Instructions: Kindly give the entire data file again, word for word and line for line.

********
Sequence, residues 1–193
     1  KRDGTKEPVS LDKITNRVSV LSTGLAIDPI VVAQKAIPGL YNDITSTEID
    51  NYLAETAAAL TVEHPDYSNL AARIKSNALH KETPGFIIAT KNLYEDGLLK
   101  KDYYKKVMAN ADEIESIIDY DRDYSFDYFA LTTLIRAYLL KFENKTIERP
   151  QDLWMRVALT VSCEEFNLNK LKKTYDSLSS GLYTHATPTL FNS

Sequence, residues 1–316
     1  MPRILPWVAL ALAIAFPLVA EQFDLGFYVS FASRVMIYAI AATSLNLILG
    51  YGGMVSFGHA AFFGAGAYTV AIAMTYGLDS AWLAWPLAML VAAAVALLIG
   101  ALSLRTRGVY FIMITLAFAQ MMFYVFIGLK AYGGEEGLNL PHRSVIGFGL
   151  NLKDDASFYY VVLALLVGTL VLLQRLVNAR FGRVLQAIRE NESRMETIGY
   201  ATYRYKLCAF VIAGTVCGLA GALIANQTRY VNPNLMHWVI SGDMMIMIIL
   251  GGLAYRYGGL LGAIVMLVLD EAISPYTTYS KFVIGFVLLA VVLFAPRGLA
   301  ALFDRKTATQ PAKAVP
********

Sequence, residues 1–193
     1  KRDGTKEPVS LDKITNRVSV LSTGLAIDPI VVAQKAIPGL YNDITSTEID
    51  NYLAETAAAL TVEHPDYSNL AARIKSNALH KETPGFIIAT KNLYEDGLLK
   101  KDYYKKVMAN ADEIESIIDY DRDYSFDYFA LTTLIRAYLL KFENKTIERP
   151  QDLWMRVALT VSCEEFNLNK LKKTYDSLSS GLYTHATPTL FNS

Sequence, residues 1–316
     1  MPRILPWVAL ALAIAFPLVA EQFDLGFYVS FASRVMIYAI AATSLNLILG
    51  YGGMVSFGHA AFFGAGAYTV AIAMTYGLDS AWLAWPLAML VAAAVALLIG
   101  ALSLRTRGVY FIMITLAFAQ MMFYVFIGLK AYGGEEGLNL PHRSVIGFGL
   151  NLKDDASFYY VVLALLVGTL VLLQRLVNAR FGRVLQAIRE NESRMETIGY
   201  ATYRYKLCAF VIAGTVCGLA GALIANQTRY VNPNLMHWVI SGDMMIMIIL
   251  GGLAYRYGGL LGAIVMLVLD EAISPYTTYS KFVIGFVLLA VVLFAPRGLA
   301  ALFDRKTATQ PAKAVP